Again proving that aerodynamics are best left to other people like the BLOODHOUND guys. He managed to top 100mph! A major achievement for garden equipment.
Unfortunately we decided to hunt a few gremlins and check all the fluid levels, including the gearbox, at probably the time of day when the track was at its best. Our inexperience showing, but an error not to be repeated. As a result of our lack of local knowledge and Ian’s very steep learning curve we only managed 92.562 mph over the 1 mile.
Much ribbing of Ian took place over dinner that evening as Ian couldn’t keep up with a garden shed!
Throughout the weekend we were joined by a number of friends of the project, particularly Brian and Mary as well as a number of reps, customers and fellow Bloodhound ambassadors. All were very keen and excited to see the car actually doing something.
Day two was a much more relaxed affair, we had a lot more experience and high tide was nearly an hour later. On what turned out to be an historic event the weather and tide gods had shone on the event. At the drivers/riders briefing it was announced that the course had been lengthened to 1 and a half miles. There was also a tail wind for the earlier part of the event. The surface was also in peak condition, still frightening but as good as it gets.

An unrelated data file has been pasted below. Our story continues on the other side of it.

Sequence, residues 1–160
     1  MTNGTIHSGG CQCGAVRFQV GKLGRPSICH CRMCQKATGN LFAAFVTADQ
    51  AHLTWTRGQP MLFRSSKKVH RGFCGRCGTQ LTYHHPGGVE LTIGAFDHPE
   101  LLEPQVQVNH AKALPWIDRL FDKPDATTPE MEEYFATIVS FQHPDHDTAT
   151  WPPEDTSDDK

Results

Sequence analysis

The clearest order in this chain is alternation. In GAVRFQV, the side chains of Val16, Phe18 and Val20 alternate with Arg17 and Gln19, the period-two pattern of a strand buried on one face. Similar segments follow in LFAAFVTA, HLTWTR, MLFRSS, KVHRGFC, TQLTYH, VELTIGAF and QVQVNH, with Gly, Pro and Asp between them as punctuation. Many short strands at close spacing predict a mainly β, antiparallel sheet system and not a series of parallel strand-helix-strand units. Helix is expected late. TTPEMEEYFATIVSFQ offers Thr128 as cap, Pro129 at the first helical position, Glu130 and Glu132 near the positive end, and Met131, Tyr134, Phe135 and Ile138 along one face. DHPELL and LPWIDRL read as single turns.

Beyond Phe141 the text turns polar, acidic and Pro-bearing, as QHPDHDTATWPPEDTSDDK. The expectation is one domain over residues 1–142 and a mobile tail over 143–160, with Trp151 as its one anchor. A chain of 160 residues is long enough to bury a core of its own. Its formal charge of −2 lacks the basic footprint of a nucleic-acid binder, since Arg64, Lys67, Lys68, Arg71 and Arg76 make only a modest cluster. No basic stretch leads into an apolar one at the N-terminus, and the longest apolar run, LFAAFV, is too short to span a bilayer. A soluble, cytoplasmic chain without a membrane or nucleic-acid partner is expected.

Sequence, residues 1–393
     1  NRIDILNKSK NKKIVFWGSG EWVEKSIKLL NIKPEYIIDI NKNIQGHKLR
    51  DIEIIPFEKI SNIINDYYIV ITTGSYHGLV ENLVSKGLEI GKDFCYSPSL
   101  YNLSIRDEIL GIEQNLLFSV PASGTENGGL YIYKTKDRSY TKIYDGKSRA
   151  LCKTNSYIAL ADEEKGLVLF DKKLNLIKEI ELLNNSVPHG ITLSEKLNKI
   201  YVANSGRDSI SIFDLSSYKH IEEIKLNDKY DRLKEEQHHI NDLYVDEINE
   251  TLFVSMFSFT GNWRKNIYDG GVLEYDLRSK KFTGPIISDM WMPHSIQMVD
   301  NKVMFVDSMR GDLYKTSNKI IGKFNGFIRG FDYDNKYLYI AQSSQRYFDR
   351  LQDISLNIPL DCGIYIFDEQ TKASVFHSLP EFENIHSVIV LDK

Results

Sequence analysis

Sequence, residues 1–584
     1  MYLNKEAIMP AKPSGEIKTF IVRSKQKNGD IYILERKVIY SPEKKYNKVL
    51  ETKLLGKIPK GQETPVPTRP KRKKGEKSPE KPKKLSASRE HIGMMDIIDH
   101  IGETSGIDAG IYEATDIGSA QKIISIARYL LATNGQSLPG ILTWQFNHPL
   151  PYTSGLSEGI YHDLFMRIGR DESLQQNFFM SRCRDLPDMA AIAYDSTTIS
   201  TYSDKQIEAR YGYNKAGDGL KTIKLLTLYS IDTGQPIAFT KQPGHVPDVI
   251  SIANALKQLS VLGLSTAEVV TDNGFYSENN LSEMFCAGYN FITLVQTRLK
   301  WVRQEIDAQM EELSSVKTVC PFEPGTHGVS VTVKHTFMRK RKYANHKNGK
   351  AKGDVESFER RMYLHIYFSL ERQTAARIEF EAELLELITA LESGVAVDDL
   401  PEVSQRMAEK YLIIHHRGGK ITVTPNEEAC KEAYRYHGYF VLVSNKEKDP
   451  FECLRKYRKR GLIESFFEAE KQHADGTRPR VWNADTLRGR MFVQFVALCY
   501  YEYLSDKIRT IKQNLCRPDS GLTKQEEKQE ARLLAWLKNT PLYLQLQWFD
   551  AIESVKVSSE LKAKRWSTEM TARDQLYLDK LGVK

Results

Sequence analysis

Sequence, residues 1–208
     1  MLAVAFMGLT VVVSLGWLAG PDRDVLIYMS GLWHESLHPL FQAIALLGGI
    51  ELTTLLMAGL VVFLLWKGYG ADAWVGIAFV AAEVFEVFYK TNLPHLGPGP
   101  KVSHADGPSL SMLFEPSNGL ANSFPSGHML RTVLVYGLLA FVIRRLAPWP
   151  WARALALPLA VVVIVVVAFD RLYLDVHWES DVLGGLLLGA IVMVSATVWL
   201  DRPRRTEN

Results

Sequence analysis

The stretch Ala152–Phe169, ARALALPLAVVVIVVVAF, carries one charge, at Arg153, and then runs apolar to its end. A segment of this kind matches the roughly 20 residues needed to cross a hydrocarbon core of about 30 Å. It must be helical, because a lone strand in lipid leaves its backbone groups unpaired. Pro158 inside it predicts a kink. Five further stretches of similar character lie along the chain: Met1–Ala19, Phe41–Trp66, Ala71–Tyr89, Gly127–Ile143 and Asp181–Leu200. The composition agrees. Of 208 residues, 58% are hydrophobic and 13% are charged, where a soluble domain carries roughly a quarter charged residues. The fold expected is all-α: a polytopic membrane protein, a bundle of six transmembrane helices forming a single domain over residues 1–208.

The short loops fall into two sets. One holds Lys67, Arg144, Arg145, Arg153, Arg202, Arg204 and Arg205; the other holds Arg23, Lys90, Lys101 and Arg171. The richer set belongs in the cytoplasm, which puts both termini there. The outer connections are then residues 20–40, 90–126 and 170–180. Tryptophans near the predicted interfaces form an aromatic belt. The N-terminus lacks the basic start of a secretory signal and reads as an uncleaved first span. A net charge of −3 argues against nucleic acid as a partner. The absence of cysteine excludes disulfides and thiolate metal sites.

The largest issue we had is one most people would be happy to have and that was too much power. On a number of runs Ian lifted off when the car felt unstable but when the power was then reapplied wheelspin just made it feel worse. Apparently the rear wheels lighting up when you floor the car in fifth over 100mph is a bit unnerving! Another skill to master.
The first run Ian was determined to put any talk of speeding sheds to the back of everyone’s mind. Despite a rather wet and lumpy track the first run was 104.834 mph. Job done monkey off his back next target 120!
We were honoured to be present when Land Speed record history was made when Zef Eisenberg on a ‘slightly’ modified Kawasaki ZZR1400 managed 201.572 mph. The fastest speed ever recorded for a wheel driven vehicle at Pendine. Hats off to Zef!
Throughout the day Ian managed to achieve 119.964mph. This was taken to be ‘close enough’ to 120 and so we could start concentrating on modifications and searching for rough track to improve our experience. Amongst these modifications our front splitter was fitted. Primarily to check its strength and suitability. Due to the fact the track felt different every time it would have been difficult to say how much aerodynamic benefit could be felt.
After a low speed test run of 91.034 mph to check the splitter, we then decided to just go round and round until the tide came in. Our hard work was rewarded with many runs around the 115 mph area and one at 120.321 mph.
All boxes ticked, job done, car held together with nothing more serious that an electrical fault and an exhaust system that self dismantled.
A fantastic weekend with both the car and driver tested.
Our thoughts now turn to the big prize. We have a car that works, we have a driver willing enough to push it and a team to keep it together.
We have already started work rectifying some minor issues and preparing the car for the turbocharger, so this is now your opportunity to help.